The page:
We are sinful not merely because we have eaten of the Tree of Knowledge, but also because we have not yet eaten of the Tree of Life. The state in which we find ourselves is sinful, quite independent of guilt.
      • Also quoted in this form in The Parables of Peanuts (1968) by Robert L. Short, and Like a Dream, Like a Fantasy: The Zen Teachings and Translations of Nyogen (2005)
  • Evil is a radiation of the human consciousness in certain transitional positions. It is not actually the sensual world that is a mere appearance; what is so is the evil of it, which, admittedly, is what constitutes the sensual world in our eyes.
    • 85
  • The whole visible world is perhaps nothing other than a motivation of man’s wish to rest for a moment — an attempt to falsify the fact of knowledge, to try to turn the knowledge into the goal.
    • 86
  • A belief is like a guillotine, just as heavy, just as light.
    • 87
  • Two possibilities: making oneself infinitely small or being so. The second is perfection, that is to say, inactivity, the first is beginning, that is to say, action.
    • 90
  • Towards the avoidance of a piece of verbal confusion: What is intended to be actively destroyed must first of all have been firmly grasped; what crumbles away crumbles away, but cannot be destroyed.
    • 91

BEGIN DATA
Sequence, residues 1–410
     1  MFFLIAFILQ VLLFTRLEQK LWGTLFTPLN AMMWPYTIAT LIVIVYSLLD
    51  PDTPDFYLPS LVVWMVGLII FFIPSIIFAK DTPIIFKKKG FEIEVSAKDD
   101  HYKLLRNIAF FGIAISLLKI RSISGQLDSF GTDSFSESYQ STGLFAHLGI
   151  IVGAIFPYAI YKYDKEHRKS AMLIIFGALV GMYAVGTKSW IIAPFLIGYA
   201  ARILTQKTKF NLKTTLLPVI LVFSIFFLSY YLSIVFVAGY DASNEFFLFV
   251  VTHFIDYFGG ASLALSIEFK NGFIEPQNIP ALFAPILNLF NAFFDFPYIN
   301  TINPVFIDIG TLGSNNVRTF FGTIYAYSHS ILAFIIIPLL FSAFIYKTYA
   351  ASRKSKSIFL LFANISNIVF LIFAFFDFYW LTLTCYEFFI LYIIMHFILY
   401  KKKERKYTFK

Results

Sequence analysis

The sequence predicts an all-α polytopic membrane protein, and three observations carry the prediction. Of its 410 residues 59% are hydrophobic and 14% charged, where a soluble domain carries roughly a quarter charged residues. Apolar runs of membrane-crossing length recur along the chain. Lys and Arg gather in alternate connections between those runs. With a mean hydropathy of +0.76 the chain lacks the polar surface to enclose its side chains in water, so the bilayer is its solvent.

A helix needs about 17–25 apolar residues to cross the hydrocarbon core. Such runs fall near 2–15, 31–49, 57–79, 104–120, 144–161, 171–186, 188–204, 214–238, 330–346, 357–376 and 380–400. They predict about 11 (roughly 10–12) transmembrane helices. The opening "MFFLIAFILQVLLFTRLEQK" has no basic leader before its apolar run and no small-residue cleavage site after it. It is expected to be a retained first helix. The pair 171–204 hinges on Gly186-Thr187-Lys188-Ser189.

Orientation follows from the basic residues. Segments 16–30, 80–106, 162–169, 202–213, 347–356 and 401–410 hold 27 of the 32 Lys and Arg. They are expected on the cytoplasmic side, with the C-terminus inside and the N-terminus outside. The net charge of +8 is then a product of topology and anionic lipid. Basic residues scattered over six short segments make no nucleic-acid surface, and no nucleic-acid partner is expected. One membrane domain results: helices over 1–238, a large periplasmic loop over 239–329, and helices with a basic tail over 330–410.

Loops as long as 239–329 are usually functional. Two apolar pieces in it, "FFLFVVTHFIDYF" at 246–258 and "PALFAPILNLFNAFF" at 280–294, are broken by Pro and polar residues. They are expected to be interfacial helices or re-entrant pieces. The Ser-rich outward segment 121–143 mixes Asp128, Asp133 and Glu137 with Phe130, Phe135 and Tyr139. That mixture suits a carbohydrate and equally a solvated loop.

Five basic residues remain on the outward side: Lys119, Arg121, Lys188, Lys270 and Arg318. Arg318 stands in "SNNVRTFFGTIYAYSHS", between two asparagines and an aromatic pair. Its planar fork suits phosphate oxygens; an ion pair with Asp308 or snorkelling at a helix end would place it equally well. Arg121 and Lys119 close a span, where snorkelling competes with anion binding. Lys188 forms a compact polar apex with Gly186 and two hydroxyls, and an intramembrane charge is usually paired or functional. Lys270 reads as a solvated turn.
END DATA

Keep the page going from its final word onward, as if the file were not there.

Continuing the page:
• The first worship of idols was certainly fear of the things in the world, but, connected with this, fear of the necessity of the things, and, connected with this, fear of responsibility for the things. So tremendous did this responsibility appear that people did not even dare to impose it upon one single extra-human entity, for even the mediation of one being would not have sufficiently lightened human responsibility, intercourse with only one being would still have been all too deeply tainted with responsibility, and that is why each thing was given the responsibility for itself, more indeed, these things were also given a degree of responsibility for man.
    • 92
  • There can be knowledge of the diabolical, but no belief in it, for more of the diabolical than there is does not exist.
    • 99
  • Du kannst Dich zurückhalten von den Leiden der Welt, das ist Dir freigestellt und entspricht Deiner Natur, aber vielleicht ist gerade dieses Zurückhalten das einzige Leid, das Du vermeiden könntest.
    • You can withdraw from the sufferings of the world, but perhaps that withdrawal is the only suffering you might be able to avoid.
    • We too must suffer all the suffering around us. We all have not one body, but we have one way of growing, and this leads us through all anguish, whether in this or in that form. Just as the child develops through all the stages of life right into old age and to death (and fundamentally to the earlier stage the later one seems out of reach, in relation both to desire and to fear), so also do we develop (no less deeply bound up with mankind than with ourselves) through all the sufferings of this world. There is no room for justice in this context, but neither is there any room either for fear of suffering or for the interpretation of suffering as a merit.